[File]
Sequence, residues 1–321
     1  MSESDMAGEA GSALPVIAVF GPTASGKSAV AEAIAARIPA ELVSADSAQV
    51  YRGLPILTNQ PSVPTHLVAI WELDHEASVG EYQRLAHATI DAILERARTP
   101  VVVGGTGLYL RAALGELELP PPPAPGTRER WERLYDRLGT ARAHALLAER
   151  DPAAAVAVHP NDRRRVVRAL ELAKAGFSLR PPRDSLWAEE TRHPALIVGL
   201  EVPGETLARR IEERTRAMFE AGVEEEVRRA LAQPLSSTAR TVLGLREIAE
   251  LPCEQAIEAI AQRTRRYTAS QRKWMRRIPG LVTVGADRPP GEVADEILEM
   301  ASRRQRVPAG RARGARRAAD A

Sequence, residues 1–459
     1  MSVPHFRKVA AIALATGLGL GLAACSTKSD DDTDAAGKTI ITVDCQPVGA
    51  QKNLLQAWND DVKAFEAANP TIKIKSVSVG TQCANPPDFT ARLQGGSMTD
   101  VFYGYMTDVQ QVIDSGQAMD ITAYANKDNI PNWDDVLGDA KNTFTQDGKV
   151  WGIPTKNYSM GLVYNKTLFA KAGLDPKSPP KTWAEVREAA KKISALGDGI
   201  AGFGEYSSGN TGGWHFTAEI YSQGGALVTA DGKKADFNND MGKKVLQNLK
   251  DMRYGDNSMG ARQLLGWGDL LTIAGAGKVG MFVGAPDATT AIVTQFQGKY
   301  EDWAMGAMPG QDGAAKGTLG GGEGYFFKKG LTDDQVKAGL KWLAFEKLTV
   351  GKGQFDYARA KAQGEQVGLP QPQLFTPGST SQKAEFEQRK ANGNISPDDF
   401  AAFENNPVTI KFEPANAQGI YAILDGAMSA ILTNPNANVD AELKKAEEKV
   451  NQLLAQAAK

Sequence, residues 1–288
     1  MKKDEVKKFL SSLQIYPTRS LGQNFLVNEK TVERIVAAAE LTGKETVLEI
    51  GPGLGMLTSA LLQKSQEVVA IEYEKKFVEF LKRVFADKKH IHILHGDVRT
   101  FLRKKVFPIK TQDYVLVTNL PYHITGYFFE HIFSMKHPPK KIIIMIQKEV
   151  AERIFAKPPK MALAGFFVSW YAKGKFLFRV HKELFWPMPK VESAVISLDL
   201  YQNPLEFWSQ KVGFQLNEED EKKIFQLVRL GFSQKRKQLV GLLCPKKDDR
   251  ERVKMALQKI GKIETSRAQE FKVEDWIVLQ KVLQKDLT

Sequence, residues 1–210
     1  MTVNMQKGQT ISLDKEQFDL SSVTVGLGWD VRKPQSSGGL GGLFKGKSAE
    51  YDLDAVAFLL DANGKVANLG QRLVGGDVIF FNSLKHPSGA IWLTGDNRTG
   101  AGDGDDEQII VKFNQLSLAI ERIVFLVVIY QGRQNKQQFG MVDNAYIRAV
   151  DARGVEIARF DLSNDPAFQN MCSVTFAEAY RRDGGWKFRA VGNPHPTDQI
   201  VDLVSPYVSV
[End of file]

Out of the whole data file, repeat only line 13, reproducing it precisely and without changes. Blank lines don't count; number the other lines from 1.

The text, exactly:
   151  WGIPTKNYSM GLVYNKTLFA KAGLDPKSPP KTWAEVREAA KKISALGDGI